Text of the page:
Rev. David Jenkins
Superintendent Minister of
The Vale of Aylesbury
The Circuit holiday is gathering momentum and popularity and there are people who are very much looking forward to being part of it this year.
Looking forward is an important feature of human life.
Within the Circuit it has a strong dynamic too.
Those involved in leading worship look forward to the next service they lead and that becomes their focus, rather than the last one they led.
Treasurers have one eye on future budgets as well as concentrating on
Those who look after property-churches and manses- are putting into place a schedule of works to be done.
A forward-looking church is one that seeks to kindle hope and enthusiasm.
One of the resources for meeting in groups which we intend to follow in some of our churches this year is called “Step Forward” and is devised by the current President of the Methodist Conference, Mark Wakelin. It is about building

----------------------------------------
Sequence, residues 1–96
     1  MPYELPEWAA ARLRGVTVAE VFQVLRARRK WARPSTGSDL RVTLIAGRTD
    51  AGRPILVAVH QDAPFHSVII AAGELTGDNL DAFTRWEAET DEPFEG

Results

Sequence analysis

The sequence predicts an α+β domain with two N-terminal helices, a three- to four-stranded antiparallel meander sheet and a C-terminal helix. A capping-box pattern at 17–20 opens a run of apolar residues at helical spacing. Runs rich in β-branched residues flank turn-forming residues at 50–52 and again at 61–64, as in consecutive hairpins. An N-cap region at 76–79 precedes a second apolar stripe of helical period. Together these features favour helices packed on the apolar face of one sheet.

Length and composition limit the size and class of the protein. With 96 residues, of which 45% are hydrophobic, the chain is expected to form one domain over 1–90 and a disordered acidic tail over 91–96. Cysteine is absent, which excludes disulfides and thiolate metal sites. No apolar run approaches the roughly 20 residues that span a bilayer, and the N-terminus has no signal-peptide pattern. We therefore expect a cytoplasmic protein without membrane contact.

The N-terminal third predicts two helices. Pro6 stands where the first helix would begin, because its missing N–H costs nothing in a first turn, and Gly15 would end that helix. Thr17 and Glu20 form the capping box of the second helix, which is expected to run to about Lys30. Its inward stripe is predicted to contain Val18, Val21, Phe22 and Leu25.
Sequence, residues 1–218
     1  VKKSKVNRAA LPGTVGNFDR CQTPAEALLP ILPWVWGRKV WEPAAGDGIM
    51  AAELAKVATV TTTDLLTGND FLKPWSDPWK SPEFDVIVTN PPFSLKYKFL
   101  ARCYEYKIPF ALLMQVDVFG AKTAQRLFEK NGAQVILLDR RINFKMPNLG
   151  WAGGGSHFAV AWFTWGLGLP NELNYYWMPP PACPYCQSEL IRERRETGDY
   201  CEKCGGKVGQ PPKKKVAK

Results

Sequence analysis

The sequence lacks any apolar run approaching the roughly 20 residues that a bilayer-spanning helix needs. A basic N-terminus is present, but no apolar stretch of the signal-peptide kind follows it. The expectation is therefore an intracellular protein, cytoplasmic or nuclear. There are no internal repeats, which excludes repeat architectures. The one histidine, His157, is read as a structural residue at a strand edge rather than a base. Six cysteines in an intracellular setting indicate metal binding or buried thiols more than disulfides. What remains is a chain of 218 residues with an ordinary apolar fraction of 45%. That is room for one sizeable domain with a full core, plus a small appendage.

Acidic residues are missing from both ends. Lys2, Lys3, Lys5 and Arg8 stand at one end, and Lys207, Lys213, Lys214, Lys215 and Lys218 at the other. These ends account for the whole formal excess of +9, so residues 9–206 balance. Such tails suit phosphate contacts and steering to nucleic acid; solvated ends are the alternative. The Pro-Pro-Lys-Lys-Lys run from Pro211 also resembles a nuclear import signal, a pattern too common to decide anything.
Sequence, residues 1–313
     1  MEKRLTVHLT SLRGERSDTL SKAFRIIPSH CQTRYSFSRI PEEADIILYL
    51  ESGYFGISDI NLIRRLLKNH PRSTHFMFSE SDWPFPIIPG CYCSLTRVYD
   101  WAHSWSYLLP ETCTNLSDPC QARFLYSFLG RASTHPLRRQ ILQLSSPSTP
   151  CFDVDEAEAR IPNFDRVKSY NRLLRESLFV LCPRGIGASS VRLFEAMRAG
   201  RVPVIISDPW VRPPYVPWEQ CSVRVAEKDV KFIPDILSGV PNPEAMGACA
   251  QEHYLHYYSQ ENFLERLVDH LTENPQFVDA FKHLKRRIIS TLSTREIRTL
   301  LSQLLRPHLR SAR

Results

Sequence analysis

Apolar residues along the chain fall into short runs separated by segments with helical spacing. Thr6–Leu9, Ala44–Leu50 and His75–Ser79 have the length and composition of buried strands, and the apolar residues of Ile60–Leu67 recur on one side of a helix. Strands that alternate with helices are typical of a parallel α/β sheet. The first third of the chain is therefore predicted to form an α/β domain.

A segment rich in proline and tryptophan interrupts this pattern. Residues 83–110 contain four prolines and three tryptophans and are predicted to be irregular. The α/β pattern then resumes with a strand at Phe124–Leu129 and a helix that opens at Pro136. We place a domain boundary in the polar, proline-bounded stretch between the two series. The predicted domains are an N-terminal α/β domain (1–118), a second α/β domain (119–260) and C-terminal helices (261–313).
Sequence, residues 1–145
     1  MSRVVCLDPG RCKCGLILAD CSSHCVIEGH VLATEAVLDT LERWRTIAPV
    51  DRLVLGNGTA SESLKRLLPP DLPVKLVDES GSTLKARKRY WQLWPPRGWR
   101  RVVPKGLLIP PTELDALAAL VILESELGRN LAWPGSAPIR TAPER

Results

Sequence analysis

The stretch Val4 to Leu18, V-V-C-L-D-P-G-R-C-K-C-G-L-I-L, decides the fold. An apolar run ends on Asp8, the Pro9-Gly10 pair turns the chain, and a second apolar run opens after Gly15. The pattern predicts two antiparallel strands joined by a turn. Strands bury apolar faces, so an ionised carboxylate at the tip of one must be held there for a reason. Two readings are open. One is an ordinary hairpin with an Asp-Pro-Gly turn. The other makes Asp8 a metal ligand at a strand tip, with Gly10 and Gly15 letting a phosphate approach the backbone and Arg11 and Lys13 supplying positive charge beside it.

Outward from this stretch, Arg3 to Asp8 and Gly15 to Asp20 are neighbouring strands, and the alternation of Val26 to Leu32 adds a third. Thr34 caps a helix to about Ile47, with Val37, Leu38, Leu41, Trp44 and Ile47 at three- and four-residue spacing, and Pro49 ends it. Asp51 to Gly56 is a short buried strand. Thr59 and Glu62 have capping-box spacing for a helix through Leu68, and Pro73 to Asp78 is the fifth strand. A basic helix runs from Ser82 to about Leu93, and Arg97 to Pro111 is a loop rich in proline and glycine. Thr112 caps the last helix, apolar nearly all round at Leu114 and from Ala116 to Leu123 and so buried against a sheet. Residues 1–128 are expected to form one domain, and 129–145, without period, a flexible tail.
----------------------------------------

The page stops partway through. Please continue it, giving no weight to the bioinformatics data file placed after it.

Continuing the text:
confidence as we respond to personal challenges in our lives and engage more effectively in interacting with our local communities.
In the centre of this next quarter is Pentecost and the reminder that our life together is driven forward by the Spirit of God.
In what fresh directions will the Spirit take each of us in the next few months?
One great servant of the Methodist Church in our Circuit, Laurie Gower of Weedon, died earlier this year. At his funeral we sang words that resonated with Laurie and offer us direction too:-
“We’ll praise him for all that is past,
And trust him for all that’s to come.”
Keep looking forward!
With loving care,
Prayer for the Quarter
Forgive us, Lord, when we insist on looking backwards to how things used to be.
Although it is important for us to remember the past and to learn from it, set our sights on what lies ahead.
Give us fresh vision, renewed energy, rekindled hope and enthusiasm.
With gratitude for what has been, while living fully in the present moment, may that moment also contain the germ of forward looking impetus.
Guide us onwards into a future that is larger than we can imagine.